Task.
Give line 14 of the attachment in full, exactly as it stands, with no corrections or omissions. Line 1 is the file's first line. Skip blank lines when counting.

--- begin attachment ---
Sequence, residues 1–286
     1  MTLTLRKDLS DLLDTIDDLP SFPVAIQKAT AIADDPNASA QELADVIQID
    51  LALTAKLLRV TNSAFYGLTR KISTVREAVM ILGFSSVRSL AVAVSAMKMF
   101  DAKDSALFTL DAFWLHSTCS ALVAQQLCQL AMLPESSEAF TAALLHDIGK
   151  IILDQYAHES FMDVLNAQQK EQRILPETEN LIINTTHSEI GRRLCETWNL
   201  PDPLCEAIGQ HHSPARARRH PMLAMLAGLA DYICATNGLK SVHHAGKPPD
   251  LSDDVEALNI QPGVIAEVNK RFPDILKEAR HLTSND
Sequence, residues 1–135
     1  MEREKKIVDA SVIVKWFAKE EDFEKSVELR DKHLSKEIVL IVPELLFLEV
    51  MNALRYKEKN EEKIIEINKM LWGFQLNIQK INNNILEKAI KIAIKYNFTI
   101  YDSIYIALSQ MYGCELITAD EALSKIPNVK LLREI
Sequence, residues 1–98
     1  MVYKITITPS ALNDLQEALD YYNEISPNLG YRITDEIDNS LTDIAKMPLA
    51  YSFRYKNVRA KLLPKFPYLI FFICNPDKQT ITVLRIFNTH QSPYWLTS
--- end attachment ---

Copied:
    51  YSFRYKNVRA KLLPKFPYLI FFICNPDKQT ITVLRIFNTH QSPYWLTS